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Homecoming is an annual rite of passage for high school students, and one that often involves alcohol. Underage drinking and alcohol-related crashes involving minors tend to increase during homecoming season. According to the Centers for Disease Control and Prevention:

  • 22% of teen drivers involved in fatal car crashes were drinking.
  • More than half of fatal motor accidents involving teen drivers occur on weekends.
  • Teens who use alcohol are far more likely to binge drink than adults.

Homecoming can come with more chances and pressures to drink. As students get ready for the big game and dance, here are 5 actions parents can take to prevent underage drinking.

Discuss your expectations about alcohol use

Parents may feel anything they say to their teen goes in one ear and out the other. In fact, parents do influence teens’ drinking decisions. Research shows children may interpret a parent’s failure to talk about underage drinking as indifference, making them more likely to use alcohol. Have regular conversations with your teen about alcohol misuse, and specifically talk about it before events, like homecoming, that may include alcohol.

Find out who your teen will be with and talk with the other students’ parents

Ask whether adults will be present if teens come by after the official event and consider the other family’s attitude toward underage drinking. Even though it is illegal and dangerous, some parents choose to provide alcohol to teens in their home. Asking questions won’t score you any “cool” points with your kid, but it will help keep your teen safe.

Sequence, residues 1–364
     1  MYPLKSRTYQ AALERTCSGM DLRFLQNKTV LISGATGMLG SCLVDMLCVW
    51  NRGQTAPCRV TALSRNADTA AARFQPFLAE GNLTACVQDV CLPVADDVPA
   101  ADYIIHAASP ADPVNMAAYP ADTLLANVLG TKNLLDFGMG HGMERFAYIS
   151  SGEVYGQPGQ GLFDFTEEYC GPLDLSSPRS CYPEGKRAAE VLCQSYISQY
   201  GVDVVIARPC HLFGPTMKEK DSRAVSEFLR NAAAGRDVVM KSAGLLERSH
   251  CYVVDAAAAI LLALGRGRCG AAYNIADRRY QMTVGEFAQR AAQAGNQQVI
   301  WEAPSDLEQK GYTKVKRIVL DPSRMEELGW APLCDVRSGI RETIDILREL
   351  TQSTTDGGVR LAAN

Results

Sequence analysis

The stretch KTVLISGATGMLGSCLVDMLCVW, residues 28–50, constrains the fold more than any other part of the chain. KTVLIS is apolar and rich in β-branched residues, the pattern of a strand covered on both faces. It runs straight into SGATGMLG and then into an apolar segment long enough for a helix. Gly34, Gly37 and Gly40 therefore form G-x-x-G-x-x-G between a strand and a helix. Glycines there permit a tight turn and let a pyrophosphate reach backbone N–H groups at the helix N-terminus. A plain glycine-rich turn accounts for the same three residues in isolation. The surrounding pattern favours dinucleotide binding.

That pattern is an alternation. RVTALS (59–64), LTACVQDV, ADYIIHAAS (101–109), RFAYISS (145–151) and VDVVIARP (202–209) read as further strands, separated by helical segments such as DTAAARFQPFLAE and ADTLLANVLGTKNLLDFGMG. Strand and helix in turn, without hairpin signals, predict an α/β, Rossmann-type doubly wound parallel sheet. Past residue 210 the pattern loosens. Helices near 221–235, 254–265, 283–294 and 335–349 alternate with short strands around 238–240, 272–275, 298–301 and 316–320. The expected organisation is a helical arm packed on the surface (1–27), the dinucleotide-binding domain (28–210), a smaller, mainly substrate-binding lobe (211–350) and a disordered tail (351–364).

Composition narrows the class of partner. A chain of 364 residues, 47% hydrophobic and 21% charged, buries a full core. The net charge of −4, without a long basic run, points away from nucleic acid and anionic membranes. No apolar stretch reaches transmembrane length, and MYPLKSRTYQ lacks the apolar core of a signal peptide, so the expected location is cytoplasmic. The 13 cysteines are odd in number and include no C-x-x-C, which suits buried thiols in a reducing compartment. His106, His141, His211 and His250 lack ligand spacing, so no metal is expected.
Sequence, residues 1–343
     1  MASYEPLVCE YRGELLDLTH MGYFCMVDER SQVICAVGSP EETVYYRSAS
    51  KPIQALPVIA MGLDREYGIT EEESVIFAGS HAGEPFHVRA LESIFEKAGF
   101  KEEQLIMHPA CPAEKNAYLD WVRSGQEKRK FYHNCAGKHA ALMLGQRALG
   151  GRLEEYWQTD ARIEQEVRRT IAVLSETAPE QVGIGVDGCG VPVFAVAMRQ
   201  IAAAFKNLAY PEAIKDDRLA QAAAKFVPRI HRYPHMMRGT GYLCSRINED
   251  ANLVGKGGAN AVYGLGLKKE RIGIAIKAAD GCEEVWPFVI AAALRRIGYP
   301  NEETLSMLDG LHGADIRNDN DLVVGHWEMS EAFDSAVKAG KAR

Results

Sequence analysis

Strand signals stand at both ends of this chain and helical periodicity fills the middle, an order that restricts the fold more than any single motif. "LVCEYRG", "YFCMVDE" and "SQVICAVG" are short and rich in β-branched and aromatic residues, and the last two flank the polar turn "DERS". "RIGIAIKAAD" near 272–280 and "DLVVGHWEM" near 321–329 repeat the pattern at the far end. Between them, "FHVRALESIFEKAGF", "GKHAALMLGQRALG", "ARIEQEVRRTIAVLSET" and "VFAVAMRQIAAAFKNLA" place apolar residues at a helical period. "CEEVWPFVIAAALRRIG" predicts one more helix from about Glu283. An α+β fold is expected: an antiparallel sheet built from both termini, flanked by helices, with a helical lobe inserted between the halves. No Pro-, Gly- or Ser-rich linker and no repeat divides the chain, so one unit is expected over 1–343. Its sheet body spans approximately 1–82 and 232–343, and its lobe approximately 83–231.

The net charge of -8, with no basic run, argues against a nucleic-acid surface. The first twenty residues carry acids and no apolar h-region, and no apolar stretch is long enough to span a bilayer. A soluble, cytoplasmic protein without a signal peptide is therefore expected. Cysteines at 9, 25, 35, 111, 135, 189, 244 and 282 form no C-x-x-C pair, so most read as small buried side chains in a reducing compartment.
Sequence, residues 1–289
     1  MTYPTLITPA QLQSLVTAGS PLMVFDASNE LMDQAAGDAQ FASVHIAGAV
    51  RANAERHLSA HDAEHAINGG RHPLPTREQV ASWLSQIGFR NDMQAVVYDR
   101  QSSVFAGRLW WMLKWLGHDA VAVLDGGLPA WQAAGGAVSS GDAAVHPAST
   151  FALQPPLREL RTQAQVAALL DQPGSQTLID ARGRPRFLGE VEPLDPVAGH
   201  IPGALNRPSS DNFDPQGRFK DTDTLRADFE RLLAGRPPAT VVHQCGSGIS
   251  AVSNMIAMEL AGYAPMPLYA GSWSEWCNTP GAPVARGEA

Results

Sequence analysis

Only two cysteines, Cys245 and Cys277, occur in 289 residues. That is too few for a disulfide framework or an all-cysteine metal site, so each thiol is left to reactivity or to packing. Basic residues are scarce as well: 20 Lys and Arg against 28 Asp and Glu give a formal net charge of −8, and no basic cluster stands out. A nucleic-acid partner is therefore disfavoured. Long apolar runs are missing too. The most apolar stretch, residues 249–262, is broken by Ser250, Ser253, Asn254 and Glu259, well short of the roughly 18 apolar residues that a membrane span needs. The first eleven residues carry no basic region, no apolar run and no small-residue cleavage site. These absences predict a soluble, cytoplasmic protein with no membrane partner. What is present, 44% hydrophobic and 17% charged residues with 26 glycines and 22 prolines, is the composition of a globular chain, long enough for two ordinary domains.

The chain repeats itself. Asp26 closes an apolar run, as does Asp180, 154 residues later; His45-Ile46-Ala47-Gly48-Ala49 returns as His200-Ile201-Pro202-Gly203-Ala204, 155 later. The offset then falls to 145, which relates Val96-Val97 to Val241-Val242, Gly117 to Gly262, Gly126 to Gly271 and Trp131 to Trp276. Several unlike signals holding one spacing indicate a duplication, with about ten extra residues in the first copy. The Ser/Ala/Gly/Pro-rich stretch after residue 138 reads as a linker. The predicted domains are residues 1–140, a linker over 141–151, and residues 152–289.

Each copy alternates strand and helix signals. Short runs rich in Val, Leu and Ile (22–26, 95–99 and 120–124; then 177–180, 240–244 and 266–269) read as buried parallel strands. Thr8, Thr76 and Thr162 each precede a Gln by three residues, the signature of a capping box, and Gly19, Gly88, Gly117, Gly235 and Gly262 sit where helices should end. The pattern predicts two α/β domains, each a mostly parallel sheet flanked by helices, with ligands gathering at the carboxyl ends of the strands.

Provide a sober after-party space

Many students want the night to continue after the game or dance ends. Providing an alcohol-free environment allows the party to keep going safely. And it’s important for parents to actively supervise after-parties. Adults can be held responsible for failing to supervise minors who are later caught drinking, even if the adult didn’t supply or know about the booze.

Offer to drive or pay for a limo

Providing a guaranteed designated driver ensures your child won’t end up in a car with an intoxicated person behind the wheel. Driving your teen or using a car service also removes other risks, such as texting or distracted driving, which may increase with the excitement of the evening.

Let your teen know you are “on call”

No matter what, some students will choose to drink during homecoming. While parents should not condone underage drinking, it’s important for teens to know they can call for help if they or their friends don’t have a safe ride or are in danger.

What other ideas do have to keep students safe and alcohol-free during Homecoming 2013?

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Sobering Up Administrator

Sobering Up Administrator

Sobering Up: A blog about drunk driving, alcohol addiction, and criminal justice, is anything but a corporate blog. Sobering Up is an opportunity for anyone interested or involved in the issues of drunk driving, alcohol-fueled crime, alcohol dependence and addiction, and the justice system to participate in the conversation.

4 Comments

  1. I think this is an excellent post with some excellent tips. I think at that age, teenagers are very excited to drink and party and they should be shown how to continue responsibility. I think there are so many dangers to excessive drinking that most teenagers are not aware of and so this hard-truths should be discussed. I particularly like the idea about the sober-up party. It is almost like meeting them in the middle. You are letting them continue partying but in a safe and trusted environment.

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